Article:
In the opening blog for this success habit series, I shared that being an entrepreneur has been one of the hardest things I’ve ever done. It’s also been one of the most rewarding.
My start as an entrepreneur was not easy.
If I’m honest, I didn’t decide to be an entrepreneur; I decided to make a change in my life and fell into being an entrepreneur.
I wasn’t prepared for the emotional roller coaster. I didn’t anticipate that being an entrepreneur would bring all my self-doubt and insecurities to the surface.
This is why mindset is one of my success habits.
The first thing that surprised me when I made the transition was how lonely it was to be an entrepreneur. I came from a corporate environment where I had colleagues to bounce ideas, discuss challenges, and brainstorm ways to handle staff issues. Suddenly, I was alone.
I felt in over my head and had no one to talk to.
I was setting goals but missing deadlines and struggling. The only one who knew was me. They were my goals and deadlines, after all. So I’d revise my plans and move on.
It wasn’t until I joined a program where we learned productivity tools, set goals, and had mentors that I started to find my footing. I realize now that that program allowed me to connect with like-minded people who were also struggling. It also had built-in accountability.
My recommendation, join an accountability group or work with a coach. Find a community to get support, help, and accountability.
I’ve already mentioned that one of my challenges was how loud my inner critic got.
I remember that we had to do an inventory count on the first day of taking over the business we had purchased. I’m a designated accountant and have done inventory counts as part of my co-op.
So, I started the count.
I found product that was in stock but needed to be added to the inventory list. I brought it to the seller’s attention, who told me I was doing inventory wrong.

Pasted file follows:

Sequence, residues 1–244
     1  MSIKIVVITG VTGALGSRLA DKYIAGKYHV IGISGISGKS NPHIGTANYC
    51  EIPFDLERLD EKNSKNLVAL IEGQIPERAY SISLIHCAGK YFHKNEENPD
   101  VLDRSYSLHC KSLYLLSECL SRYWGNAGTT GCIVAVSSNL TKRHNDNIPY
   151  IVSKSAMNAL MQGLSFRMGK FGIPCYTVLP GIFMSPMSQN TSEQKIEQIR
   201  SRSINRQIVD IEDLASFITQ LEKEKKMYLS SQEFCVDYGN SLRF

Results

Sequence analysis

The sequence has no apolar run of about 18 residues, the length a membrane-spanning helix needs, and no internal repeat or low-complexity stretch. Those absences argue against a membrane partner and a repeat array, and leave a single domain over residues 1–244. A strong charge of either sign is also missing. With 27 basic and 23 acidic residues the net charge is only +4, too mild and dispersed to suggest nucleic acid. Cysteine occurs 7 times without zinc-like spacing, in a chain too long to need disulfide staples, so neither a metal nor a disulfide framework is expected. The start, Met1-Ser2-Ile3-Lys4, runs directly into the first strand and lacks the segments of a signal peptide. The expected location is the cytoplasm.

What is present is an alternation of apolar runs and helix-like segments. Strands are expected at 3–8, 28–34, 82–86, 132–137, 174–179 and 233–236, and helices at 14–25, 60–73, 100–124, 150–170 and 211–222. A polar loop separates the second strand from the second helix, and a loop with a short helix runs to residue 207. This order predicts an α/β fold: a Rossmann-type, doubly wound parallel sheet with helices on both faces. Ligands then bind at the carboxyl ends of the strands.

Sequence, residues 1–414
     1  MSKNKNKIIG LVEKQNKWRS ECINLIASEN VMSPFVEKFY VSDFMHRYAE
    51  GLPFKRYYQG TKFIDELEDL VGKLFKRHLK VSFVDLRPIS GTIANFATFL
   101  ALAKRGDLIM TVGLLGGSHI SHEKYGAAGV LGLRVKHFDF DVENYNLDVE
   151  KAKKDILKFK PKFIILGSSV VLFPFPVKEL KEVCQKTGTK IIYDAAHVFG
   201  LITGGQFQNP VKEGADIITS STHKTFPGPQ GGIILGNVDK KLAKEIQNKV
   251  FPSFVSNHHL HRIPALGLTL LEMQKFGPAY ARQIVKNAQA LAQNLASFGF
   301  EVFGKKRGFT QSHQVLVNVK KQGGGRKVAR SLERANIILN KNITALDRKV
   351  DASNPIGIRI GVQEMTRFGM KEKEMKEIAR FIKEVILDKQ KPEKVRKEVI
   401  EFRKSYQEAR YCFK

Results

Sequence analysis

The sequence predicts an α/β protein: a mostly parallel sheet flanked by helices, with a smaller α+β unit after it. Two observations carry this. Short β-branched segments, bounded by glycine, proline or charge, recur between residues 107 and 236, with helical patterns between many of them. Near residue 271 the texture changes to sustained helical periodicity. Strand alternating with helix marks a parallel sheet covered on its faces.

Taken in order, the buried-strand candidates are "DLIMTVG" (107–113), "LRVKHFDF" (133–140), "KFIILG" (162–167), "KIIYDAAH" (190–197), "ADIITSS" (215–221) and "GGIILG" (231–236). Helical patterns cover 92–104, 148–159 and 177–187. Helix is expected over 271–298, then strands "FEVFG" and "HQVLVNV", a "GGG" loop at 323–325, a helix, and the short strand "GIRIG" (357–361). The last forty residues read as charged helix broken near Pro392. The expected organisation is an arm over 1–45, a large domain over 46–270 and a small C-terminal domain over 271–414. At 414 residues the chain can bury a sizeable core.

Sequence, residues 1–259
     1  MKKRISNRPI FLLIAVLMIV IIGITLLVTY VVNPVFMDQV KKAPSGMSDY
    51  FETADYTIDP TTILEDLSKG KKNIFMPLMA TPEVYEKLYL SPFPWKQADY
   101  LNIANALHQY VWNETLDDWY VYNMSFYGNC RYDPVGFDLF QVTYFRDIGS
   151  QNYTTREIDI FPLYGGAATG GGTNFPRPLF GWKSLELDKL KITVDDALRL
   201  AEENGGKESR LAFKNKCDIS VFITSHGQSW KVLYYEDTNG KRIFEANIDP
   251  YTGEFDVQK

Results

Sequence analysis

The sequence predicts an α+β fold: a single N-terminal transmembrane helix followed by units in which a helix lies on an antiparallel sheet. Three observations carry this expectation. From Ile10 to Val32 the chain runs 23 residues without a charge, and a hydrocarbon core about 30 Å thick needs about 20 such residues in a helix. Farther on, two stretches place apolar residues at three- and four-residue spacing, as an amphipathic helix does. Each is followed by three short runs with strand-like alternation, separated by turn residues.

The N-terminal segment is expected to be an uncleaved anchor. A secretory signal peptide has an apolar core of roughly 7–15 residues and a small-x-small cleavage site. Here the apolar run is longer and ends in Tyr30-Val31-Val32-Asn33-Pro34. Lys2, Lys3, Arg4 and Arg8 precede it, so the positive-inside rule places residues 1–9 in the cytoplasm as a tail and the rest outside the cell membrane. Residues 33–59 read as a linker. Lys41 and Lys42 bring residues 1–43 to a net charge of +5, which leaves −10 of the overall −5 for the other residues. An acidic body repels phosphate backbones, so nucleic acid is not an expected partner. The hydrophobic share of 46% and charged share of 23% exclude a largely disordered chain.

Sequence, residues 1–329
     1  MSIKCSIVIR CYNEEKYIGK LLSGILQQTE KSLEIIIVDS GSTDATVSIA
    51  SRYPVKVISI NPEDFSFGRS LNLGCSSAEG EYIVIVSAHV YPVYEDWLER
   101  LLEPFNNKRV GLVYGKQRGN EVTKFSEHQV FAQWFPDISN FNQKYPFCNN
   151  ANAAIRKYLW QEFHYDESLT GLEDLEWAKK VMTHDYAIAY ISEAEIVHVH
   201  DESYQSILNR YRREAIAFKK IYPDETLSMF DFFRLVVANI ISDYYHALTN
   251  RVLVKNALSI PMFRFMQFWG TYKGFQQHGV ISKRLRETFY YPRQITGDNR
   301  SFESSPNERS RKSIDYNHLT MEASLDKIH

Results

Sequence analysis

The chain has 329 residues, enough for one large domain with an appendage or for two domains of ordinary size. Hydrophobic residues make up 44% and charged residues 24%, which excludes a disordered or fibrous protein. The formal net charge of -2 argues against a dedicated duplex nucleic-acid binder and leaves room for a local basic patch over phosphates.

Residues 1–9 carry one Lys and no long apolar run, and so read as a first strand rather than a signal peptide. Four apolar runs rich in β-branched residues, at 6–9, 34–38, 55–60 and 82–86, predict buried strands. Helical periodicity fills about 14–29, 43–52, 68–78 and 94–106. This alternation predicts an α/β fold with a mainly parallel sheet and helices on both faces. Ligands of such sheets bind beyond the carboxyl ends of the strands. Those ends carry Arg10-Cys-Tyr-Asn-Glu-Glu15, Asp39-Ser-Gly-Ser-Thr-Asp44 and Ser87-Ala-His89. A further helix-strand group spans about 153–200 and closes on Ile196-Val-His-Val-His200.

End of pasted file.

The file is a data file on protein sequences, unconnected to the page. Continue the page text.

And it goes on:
Instead of standing up for myself, I turned inwards and did it his way.
The seller was to coach me on the business for a few months after the sale. Within weeks, I felt incompetent and small. I stopped all consulting hours with him, but the damage was done. I was already experiencing self-doubt. His actions just added fuel to the flame.
It would be years before I started to dive into personal development. Years before I learned how our unconscious controls 90% of what we do and our unconscious is filled with all our beliefs, including the beliefs we built when we were young.
It wasn’t until I started working on my inner self that I would shed those beliefs and get stronger.
Today, I regularly reach out for support to clear beliefs that don’t serve me, adjust strategies that don’t work, and more.
I believe in systems and processes, but I believe they will only get you so far. To get to the next level, you must clear up the noise that holds you back.
I have the most success in my day and week when I start the day right.
This means waking up and setting my mindset right first.
I do this through a morning routine; I call victory morning.
In my routine, I do things to support my mind, body, and soul.
I do personal development, journal and meditate, and a little workout. I then get ready for my day. Once I’m at my desk, I set my intentions for the day and determine my top 3 objectives.
I then get to work.
This practice helps me start the day knowing I took care of my inner leader first. I start the day by clearing out the noise, putting the right mindset in place, and feel empowered to tackle the day.
My process will not be your process. The key is to find what will work for you and your schedule. Maybe yours will be an evening process, or it will be broken up over the day.
Whatever works for you, do that. But I recommend you find a process that allows you to get into the right mindset at the start of the day.
Improving my mindset has made a massive difference in my success and, most of all, my resiliency.
What do you do to help your mindset?
I think anything is possible if you have the mindset and the will and desire to do it and put the time in.Roger Clemens
I think anything is possible if you have the mindset and the will and desire to do it and put the time in.
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